11 January 2012

Well [Spoken] Wednesdays: Dr Somerville edition

Dr Somerville was my academic advisor for the second half of my college career, that is, once I had finally made up my mind about majoring in English. In addition to taking two American literature classes from him-- which convinced me that first, I actually do like American lit, and second, I also like Hemingway-- I spent lots of time in his office. Sometimes it was to go over papers. Sometimes it was to weep and wail over the quandaries of life. (Once I flopped down on a chair and demanded to know why I was an English major, anyway, and did God care about what I was studying, and what was the point of literature in the end when I should be out saving the world?) Either way, he would listen to me, muse for a while, and then produce some miraculously simple yet thoughtful answers.

Alone among my Catholic and Orthodox English profs, Dr Somerville is a Presbyterian, and Reformed to the core. And really, sometimes all I needed was someone to say "Well, Rebekah, I know this is quite overwhelming but you need to remember that God is sovereign even over your career plans and thus perfectly capable of untangling these options in His time. So stop being so darned introspective. God will guide you and all shall be well." He is a consummate Calvinist, who keeps a dried-up daffodil on his desk as a memento mori and delights in pointing out the inevitable depravity of humankind, yet who finds humor (even if it's gallows humor) in nearly everything and can give sincere encouragement to his downcast advisees.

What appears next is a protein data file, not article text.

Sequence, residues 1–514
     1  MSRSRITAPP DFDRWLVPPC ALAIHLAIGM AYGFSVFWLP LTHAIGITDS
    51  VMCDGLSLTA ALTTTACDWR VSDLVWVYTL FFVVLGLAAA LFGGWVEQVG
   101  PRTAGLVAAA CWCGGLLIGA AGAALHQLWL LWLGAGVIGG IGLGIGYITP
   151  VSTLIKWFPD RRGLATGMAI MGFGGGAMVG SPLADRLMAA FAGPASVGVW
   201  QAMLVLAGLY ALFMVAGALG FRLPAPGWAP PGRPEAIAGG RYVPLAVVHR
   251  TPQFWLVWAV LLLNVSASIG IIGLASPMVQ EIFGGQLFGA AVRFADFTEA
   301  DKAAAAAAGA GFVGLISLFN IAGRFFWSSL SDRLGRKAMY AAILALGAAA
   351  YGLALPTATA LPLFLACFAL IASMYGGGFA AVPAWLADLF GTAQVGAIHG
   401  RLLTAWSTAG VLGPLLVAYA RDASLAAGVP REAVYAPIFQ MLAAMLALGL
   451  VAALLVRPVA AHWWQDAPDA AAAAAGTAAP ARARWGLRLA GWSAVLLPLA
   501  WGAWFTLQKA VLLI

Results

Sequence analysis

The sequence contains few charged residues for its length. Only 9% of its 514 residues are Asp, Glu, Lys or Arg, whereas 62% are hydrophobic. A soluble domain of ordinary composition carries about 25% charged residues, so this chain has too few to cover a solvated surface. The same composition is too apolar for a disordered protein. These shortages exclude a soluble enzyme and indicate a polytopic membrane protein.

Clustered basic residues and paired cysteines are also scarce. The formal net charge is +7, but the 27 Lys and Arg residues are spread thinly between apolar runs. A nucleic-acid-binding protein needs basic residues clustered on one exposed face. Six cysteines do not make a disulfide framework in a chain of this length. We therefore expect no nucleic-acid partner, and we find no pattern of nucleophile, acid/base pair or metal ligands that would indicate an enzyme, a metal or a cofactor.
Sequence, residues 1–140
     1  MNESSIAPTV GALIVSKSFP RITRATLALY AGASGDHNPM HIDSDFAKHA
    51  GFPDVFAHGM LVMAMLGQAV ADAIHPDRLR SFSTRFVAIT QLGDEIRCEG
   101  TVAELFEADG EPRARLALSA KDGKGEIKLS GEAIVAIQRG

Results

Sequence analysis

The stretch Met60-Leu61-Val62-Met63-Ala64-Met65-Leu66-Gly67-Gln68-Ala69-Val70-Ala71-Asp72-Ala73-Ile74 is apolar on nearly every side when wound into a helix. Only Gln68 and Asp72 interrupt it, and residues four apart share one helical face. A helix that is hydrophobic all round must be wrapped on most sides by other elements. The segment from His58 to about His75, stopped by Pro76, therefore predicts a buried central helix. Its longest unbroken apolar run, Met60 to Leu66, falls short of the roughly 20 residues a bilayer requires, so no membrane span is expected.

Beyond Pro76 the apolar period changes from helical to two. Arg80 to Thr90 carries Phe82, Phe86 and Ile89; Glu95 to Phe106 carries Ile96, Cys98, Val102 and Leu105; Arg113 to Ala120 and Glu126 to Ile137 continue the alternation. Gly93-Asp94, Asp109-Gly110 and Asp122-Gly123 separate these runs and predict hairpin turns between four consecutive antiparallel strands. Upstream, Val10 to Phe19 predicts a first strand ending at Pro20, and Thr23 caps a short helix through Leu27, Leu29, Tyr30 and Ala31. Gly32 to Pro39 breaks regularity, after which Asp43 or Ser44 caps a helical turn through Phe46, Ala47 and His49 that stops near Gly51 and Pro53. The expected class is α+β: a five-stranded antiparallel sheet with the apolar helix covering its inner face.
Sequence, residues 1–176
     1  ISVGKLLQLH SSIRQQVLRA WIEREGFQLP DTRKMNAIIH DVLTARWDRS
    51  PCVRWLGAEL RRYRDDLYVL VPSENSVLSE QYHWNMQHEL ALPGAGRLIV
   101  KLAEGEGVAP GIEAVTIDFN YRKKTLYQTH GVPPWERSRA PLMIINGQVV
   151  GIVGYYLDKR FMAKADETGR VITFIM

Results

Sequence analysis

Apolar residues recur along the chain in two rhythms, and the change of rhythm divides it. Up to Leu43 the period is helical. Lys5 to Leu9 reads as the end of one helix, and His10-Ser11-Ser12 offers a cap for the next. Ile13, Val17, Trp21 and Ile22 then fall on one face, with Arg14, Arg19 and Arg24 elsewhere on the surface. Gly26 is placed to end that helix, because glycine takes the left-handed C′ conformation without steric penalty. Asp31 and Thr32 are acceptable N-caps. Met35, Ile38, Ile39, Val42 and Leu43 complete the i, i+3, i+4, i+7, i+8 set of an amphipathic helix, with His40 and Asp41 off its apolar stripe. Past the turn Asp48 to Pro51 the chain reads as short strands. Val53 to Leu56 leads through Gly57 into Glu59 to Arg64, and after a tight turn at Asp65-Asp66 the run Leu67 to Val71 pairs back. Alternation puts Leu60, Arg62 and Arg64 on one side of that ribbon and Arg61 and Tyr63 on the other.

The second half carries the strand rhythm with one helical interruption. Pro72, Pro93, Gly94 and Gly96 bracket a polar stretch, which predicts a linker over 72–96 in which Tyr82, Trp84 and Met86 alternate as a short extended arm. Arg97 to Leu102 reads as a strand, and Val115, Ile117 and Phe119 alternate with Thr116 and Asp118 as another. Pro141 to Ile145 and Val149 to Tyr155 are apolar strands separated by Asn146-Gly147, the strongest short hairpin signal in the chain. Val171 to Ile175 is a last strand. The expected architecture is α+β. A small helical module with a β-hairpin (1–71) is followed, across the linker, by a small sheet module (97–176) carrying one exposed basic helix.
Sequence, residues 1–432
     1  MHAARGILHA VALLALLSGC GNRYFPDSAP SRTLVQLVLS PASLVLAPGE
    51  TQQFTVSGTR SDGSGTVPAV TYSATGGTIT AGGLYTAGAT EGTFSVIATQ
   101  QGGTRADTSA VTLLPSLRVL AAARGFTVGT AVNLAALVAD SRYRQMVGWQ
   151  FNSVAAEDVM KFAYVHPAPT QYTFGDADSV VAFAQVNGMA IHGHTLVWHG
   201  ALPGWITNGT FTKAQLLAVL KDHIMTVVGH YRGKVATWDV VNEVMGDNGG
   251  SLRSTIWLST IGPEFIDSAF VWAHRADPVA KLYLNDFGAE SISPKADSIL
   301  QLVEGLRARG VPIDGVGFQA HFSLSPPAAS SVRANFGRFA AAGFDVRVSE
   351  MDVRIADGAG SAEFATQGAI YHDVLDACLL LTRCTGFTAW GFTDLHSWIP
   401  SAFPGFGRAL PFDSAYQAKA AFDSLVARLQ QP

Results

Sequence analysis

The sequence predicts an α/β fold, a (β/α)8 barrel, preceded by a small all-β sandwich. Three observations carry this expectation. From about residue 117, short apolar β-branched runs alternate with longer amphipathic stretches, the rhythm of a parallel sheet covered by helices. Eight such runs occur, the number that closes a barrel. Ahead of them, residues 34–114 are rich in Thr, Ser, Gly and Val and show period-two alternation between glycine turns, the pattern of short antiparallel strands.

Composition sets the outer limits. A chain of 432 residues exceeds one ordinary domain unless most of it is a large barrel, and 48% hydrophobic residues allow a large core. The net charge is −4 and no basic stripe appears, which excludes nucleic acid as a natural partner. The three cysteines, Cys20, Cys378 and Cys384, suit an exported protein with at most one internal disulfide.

Now that I'm an English teacher myself, I teach more like Dr Somerville than any of my other professors. He was always methodical and organized, yet extremely interesting. I realized that I could follow his model of running a classroom with a lot more success than the model of a Dr Whalen or Dr Smith . . . which is to say, catatonically brilliant. I haven't got the prerequisite brains for that. But I can research and organize; I can tell stories and make helpful observations; I can ask questions. So that's what I do.

Here are, in all their glory, the marginalia of Dr John Somerville.

American Literature 1820-1890

"We'll let you know if you're an idiot."
"It's disturbing, which means entertaining."
"Gothic literature is like literary terrorism."
"He has three names, so he's a nineteenth century poet . . . or an assassin."
"So we can learn to live by nature, which is awfully encouraging. But then, nature does have rattlesnakes and ticks."
"The Appalachians are user friendly."
"I don't want to be a two year old brat. I would rather be a fifty-two year old brat!"
"Marriage is, despite evidence otherwise, a civilizing institution."
"How about when you get married you name your first child Marmaduke?"
"Harvard, the Hillsdale of the East . . ."
"Emerson? Talk about ruining your lunch!"
"I guess if your dad's making pencils you're going to be a writer."
"Have you seen our copy machine? It runs on coal."